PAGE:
The fact that a Class I won’t contribute any monetary resources to the proposed CRISI grant-funded project does not eliminate the need to meet all their legal and operational coordination requirements. The FRA considers agreements with or permissions from Class I partners to be an area of potentially significant risk when they evaluate CRISI grant applications and therefore will look closely at applications for projects that could require such agreements or coordination.
Advocacy and Letters of Support
Consider finding regional advocates, such as customers, businesses, or elected officials, who could help write letters of support touting your project’s importance to FRA. If you think you will seek a letter of support, or perhaps direct advocacy from a stakeholder, give them an early warning. While letters of support can be transmitted after the application submittal date, it is much preferred that they be submitted as an attachment to your application.
Applicants are required to provide three foundational documents as attachments: a project statement of work (SOW); a schedule; and a budget. Completing these three documents at the beginning of the grant writing process reduces the risk of inconsistent information across these three documents. Preparing documents early will also assist with the preparation of other required application elements.
FRA guidance directs grant applicants to templates for three required attachments for their capital grant programs: the Statement of work (SOW), Schedule, and Budget. Applicants should use these templates as requested by FRA, ideally without modifying the language and structure of the documents as provided. Applicants should insert the requested data where indicated, and as indicated.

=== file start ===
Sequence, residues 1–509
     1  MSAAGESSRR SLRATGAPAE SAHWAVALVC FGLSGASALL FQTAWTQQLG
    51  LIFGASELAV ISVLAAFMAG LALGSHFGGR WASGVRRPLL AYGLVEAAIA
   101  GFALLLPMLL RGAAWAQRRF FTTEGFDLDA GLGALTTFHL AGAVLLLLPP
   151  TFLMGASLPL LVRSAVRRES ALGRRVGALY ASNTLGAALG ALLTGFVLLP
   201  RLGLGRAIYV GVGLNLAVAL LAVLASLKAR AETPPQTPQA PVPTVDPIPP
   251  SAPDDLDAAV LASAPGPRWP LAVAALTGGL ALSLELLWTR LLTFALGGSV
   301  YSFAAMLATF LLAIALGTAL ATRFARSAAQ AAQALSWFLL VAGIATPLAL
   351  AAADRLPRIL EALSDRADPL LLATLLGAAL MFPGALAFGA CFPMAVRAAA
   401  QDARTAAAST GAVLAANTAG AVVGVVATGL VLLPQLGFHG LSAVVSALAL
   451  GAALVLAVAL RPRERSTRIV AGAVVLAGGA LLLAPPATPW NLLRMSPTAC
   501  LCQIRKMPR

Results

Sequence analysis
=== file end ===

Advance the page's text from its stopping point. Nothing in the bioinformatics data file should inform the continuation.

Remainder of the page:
Complete Advance Engineering and Design Tasks
Some projects require significant professional engineering and design work. Get these resources in place and their work started as early as possible. The farther you advance your engineering, the less risk associated with your project and higher readiness, which are important competitive factors in the eyes of the agency reviewers.
Understand Environmental Risks
Familiarize yourself early on with the FRA’s categorical exclusions (CEs) under the National Environmental Policy Act (NEPA). Also try to determine early if you may require a federal permit for your project, such as from the US Army Corps of Engineers.
Identify Any Land Rights Issues
Risk around land acquisition can be a major red flag for reviewers. It is important to determine early in the grant writing process if any land acquisition or rights to land will be required to carry out the project.
Effective communication of the transportation analysis supporting a CRISI application is fundamental to making the case for the project. Most CRISI applications will have a forecast for traffic of some type, often in the form of revenue carloads transported over twenty years, sometimes more, from the expected completion of construction.